A week after leaving Cusco, we’d made it to Puno on the shores of Lake Titicaca – via a stop-over in Arequipa to visit the Colca Canyon – and it was hailing.
I’d come out in shorts, t-shirt and flip-flops and was now sat with Helena, huddling for warmth around a heater in a cafe, clutching a hot chocolate. We were wet, cold, and wondering what the hell we were doing. ‘Is it time to go home yet?’ one of us said (although I genuinely can’t remember who).
So, in those situations, there is only one course of action: drink! Firstly hot chocolate, (which Helena has just reminded me actually had Bailey’s in it) but soon thereafter, Pisco – a grape based spirit enjoyed by Peruvians across the country.
Despite Puno being our last stop in Peru, we hadn’t actually had a proper Pisco Sour up until that point; a situation that was quickly, and repeatedly, rectified.
Before Puno though, we went to Arequipa, a city dwarved by the huge volcanoes, El Misti and Chachani. We had neither a hostel nor any activity booked but we’d heard that the Colca Canyon was well worth a visit, and managed to find a tour agency that were doing trips every day. We could have done a single day excursion, getting a bus to the canyon, visiting all of the key points, and returning the same day. Tempting as that sounds, we were keen to avoid a repeat performance of our Grand Canyon experience (10 hours on a bus for 90 mins of frantic and crowded photo taking), so went for a two-day option where you trek down into the canyon on the first day, before climbing back out again on the second.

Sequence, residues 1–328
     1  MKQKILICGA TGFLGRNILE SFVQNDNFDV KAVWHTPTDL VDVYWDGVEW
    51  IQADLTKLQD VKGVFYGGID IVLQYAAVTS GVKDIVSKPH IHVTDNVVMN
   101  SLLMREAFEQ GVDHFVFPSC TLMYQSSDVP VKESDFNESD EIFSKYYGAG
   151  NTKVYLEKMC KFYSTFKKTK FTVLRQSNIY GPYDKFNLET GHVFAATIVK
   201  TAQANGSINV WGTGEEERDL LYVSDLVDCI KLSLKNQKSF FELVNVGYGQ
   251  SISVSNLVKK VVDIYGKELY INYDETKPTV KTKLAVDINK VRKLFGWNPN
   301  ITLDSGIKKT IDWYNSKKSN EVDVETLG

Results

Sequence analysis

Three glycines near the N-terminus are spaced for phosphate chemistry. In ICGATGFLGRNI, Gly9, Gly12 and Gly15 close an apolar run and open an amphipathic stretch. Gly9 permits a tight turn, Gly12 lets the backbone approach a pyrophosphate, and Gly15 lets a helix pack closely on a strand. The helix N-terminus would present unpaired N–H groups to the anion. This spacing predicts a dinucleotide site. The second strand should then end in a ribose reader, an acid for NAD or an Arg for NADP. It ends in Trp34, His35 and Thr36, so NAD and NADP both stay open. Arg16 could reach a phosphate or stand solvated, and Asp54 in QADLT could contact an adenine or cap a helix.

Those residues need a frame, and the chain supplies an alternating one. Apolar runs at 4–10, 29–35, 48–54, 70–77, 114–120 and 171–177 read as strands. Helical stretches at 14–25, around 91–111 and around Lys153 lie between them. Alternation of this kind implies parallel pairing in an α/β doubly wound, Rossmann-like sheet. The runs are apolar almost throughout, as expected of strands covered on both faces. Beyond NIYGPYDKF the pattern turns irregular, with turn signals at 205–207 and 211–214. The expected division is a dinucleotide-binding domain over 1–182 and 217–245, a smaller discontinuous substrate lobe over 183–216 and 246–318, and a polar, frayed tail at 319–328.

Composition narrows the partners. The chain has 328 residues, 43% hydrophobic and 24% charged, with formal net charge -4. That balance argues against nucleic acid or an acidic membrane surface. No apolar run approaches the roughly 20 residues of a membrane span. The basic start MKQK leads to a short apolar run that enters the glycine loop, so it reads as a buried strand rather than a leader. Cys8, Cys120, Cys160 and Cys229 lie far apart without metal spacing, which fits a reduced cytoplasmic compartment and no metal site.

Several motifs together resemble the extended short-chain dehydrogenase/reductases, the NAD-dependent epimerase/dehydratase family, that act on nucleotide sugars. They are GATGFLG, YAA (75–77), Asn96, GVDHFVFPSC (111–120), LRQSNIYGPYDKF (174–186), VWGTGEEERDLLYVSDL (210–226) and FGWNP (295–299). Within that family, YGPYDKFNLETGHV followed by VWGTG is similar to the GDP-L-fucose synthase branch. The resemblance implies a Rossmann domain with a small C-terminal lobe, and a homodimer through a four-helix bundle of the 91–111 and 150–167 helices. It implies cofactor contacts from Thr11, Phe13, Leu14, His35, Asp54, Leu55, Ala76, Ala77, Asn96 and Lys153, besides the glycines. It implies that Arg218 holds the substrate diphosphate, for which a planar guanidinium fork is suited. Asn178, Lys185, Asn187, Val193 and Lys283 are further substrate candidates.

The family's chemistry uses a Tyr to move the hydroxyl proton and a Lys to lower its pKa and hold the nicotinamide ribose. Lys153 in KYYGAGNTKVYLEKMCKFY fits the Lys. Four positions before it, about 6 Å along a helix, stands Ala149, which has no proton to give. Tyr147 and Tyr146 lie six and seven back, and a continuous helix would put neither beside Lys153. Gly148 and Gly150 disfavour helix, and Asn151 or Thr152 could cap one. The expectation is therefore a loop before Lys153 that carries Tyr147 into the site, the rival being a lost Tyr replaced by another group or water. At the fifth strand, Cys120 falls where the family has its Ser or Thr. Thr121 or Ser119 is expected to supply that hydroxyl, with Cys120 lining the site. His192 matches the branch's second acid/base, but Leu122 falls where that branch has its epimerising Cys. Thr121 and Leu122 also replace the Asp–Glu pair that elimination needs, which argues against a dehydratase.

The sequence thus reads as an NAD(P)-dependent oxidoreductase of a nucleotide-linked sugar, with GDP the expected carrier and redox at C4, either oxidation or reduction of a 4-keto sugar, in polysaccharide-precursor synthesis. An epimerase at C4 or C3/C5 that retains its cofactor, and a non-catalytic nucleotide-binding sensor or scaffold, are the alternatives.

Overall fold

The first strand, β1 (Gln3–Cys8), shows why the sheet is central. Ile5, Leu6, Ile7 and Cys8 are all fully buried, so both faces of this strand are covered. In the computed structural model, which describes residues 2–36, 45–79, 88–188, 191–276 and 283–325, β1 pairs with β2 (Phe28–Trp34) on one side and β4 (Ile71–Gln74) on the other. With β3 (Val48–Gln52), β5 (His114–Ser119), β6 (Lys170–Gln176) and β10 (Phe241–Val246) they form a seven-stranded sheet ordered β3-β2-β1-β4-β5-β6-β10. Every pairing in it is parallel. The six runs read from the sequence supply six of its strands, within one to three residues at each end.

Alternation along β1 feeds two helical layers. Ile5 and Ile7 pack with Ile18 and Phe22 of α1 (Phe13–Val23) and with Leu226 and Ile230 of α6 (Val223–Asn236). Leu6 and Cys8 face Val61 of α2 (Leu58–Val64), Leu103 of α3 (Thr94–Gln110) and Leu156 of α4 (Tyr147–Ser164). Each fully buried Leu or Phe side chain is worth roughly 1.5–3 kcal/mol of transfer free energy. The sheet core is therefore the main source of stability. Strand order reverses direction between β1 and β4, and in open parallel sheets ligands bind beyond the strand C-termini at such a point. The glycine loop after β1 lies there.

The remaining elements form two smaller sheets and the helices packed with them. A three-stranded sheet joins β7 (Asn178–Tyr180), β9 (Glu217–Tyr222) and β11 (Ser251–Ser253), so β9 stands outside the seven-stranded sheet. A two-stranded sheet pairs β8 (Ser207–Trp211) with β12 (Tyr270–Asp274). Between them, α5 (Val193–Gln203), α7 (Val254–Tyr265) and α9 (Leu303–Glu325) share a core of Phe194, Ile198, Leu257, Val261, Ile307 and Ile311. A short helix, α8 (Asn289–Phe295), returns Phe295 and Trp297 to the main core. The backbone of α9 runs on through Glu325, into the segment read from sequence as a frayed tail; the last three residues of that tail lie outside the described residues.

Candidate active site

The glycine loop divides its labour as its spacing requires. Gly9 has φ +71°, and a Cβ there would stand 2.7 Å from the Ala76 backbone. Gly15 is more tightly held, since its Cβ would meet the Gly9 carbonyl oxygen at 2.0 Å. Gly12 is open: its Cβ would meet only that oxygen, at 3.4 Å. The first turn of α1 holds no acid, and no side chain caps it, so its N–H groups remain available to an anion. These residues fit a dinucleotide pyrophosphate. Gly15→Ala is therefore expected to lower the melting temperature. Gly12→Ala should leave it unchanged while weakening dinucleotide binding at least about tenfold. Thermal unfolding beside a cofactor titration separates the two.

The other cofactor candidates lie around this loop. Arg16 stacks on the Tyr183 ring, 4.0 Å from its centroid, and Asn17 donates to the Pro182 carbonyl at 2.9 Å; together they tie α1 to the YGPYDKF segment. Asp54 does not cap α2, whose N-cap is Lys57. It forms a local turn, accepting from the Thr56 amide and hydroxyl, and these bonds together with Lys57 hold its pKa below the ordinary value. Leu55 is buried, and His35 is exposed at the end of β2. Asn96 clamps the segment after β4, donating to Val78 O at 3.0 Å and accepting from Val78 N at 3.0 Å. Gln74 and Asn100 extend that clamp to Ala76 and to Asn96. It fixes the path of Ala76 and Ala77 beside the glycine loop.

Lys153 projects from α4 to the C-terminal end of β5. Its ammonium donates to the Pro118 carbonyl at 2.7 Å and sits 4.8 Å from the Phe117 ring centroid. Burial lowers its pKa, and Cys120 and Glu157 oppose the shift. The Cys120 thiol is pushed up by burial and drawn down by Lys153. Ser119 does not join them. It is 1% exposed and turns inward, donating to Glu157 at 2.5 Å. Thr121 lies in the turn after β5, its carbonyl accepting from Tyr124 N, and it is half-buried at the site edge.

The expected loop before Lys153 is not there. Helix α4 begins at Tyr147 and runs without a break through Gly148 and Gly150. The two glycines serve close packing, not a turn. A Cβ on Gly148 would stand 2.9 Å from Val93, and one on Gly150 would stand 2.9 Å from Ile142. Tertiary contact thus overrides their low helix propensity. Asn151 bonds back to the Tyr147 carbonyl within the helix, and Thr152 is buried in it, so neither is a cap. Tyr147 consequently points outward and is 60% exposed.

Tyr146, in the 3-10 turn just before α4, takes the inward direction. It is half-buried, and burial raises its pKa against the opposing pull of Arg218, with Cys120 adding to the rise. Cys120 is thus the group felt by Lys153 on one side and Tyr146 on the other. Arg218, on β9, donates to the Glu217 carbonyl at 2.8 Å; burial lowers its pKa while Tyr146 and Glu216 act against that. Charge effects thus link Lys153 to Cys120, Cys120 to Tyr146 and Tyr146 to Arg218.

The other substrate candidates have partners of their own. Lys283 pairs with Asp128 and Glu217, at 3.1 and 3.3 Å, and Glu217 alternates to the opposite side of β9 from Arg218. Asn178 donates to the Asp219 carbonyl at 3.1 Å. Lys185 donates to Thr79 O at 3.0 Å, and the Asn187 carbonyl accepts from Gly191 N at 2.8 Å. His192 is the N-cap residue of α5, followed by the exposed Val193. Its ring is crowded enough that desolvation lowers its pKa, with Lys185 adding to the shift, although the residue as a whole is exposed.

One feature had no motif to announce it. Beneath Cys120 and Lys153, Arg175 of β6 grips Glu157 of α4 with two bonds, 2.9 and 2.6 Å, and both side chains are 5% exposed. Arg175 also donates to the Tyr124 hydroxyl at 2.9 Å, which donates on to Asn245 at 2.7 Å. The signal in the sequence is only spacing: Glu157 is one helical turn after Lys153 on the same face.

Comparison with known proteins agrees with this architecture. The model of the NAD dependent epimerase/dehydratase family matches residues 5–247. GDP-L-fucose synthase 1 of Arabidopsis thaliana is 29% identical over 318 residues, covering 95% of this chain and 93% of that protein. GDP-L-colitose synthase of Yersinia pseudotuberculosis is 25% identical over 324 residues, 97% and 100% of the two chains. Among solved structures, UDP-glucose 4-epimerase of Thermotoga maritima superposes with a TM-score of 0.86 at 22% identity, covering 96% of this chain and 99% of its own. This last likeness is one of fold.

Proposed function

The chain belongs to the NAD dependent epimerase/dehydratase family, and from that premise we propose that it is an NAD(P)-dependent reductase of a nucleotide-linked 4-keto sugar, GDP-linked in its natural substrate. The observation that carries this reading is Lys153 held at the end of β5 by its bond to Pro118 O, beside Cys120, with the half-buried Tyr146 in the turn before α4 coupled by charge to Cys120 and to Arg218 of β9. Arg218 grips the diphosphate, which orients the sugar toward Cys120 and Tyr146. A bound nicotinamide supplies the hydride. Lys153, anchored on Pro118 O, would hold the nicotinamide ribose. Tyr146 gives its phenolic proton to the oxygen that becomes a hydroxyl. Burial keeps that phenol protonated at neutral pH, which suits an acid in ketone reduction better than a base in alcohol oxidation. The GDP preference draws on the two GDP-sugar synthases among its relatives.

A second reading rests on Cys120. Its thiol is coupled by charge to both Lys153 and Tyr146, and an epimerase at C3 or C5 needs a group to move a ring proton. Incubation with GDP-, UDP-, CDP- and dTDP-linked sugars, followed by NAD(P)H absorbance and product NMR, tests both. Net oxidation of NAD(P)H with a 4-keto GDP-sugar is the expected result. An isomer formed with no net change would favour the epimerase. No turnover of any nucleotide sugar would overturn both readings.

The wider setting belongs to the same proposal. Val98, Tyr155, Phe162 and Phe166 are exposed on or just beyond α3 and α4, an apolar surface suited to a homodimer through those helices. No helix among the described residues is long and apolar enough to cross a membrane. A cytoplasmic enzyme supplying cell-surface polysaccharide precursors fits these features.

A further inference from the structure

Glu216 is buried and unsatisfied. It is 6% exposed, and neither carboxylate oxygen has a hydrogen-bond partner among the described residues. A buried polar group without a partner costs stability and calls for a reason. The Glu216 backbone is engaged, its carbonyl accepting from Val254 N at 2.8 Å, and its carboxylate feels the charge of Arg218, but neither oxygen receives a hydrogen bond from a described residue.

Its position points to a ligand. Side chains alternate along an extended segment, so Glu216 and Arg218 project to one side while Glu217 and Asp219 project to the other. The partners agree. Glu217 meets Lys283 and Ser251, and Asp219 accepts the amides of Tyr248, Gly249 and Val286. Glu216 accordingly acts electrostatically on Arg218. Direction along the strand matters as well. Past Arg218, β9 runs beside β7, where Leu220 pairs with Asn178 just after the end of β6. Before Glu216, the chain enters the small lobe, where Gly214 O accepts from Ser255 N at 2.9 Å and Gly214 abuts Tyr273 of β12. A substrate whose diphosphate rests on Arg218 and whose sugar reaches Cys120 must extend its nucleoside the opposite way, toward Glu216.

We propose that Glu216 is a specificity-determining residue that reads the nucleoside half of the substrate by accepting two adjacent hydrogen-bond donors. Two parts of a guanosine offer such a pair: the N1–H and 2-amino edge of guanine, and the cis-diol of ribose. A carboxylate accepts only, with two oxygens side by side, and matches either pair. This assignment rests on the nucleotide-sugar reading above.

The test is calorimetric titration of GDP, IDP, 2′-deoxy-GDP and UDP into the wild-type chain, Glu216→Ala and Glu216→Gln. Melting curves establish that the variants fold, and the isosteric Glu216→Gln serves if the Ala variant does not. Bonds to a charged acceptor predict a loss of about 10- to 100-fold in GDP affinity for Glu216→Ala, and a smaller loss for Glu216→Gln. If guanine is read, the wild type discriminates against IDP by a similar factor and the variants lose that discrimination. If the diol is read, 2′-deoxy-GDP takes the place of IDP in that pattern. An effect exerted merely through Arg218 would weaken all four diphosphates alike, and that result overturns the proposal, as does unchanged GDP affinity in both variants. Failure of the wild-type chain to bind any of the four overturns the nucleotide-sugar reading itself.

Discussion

Now, we assumed that having done quite a lot of hiking by this point, that the canyon experience would be somewhat of a breeze. However, we totally underestimated the difficulties involved by inverting the gradients, i.e. by climbing down into the canyon and then having to climb back out again. Not only does the walk down dig into your legs way more than you think it would (or should), the next morning you get the joy of climbing back out of the depths to your start point. Also, significantly, on this particular hike, the journey down is about 16km whereas the path back up is 6km. That means only one thing – it’s steep!